• COVID-19 has worsened already difficult mobility situations for the disabled and those who use wheelchairs.
  • The pandemic has ushered in a time of great transition - which often leads to innovation.

Traveling for the disabled is difficult even when there’s no pandemic to contend with. This group is chronically underserved and forced to make do with limited options for accessible buses, trains and ride hailing services.

COVID-19 has worsened this bad situation, however, compounding increased health risks with a global recession that has shrunk transit options for nearly everyone not driving a personal vehicle. Cities like New York have seen a 40% reduction in transit services and the existing patchwork of paratransit services is now even more difficult to access than ever.

While these facts can be dispiriting, there is cause for hope. Innovation often springs from times of great need, urgency and economic transition. With the right collaborations and mindsets, this moment could spark a renaissance in innovative mobility solutions for people with special needs, the disabled, and wheelchair users.

Innovation – for some
Road-based mobility has enjoyed an innovation upsurge in recent years. The past decade has seen a spate of new options leveraging shared scooters, bicycles and e-bikes. New transit services have found their momentum, too, with mobility-on-demand options such as ViaVan and ride hailing services for motorcycles such as Grab. New technologies have also been leveraged, bringing solutions for autonomous shuttles, taxis, and delivery bots to market.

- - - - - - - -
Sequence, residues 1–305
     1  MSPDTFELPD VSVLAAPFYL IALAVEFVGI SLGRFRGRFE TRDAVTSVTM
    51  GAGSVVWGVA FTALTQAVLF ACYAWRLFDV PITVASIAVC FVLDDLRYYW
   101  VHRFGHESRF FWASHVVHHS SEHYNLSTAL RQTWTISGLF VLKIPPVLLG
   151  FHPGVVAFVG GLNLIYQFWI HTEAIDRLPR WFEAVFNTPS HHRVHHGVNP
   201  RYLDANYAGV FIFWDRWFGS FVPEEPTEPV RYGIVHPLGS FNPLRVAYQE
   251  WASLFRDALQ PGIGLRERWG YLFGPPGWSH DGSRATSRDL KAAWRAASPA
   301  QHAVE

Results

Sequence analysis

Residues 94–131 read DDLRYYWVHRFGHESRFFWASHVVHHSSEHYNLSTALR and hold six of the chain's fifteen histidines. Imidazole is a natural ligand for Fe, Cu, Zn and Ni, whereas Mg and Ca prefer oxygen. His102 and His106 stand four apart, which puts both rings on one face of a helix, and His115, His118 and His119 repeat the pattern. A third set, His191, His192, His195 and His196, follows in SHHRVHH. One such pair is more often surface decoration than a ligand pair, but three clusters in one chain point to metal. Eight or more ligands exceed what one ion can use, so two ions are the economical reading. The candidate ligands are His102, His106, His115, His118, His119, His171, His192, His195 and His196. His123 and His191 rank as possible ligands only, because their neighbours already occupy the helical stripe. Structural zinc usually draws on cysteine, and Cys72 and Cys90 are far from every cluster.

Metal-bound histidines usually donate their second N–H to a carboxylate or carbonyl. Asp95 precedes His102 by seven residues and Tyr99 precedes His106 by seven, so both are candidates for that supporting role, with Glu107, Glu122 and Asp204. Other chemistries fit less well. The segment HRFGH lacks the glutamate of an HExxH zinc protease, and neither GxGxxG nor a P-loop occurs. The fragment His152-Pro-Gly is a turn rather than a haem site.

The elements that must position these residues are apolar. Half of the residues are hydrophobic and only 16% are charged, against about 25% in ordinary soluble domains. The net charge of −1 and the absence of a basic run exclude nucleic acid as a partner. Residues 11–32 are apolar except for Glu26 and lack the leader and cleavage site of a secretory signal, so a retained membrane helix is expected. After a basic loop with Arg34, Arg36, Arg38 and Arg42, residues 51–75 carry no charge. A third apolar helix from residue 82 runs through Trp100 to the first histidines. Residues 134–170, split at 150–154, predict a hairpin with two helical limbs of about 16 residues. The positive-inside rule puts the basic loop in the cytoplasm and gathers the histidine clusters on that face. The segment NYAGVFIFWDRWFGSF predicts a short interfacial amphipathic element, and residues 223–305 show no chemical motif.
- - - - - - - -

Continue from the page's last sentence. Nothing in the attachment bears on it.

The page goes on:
Though new modern mobility solutions have demonstrated a range of transportation possibilities, inclusivity has often been overlooked. The benefits from new solutions have not been shared equally.

Mobility services do exist for the disabled, but these services have limitations in both quality and quantity. Additionally, despite the effort of local governments to manage and control the quality of such accessible services, they are typically only available in selected cities with limited numbers of fleets, causing long wait times. In fact, the New York Lawyers for the Public Interest, a non-profit civil rights law firm, recently published a report noting wait times for wheelchair accessible vehicles (WAVs), are five times longer than those for inaccessible vehicles.

New York Lawyers for the Public Interest, 2019
Image: Image based on 2019 data from the New York Lawyers for the Public Interest

Furthermore, some accessible services fall far short of the ‘on-demand’ factor we associate with modern mobility. Some require wheelchair users to book rides at least 24 hours in advance. As WAV mobility services have a segmented value chain, meaning they are highly fragmented, such services suffer from higher operational costs, marketability challenges, and a lower quality of service.

Image: Hyundai Motor Group

Universal mobility for everyone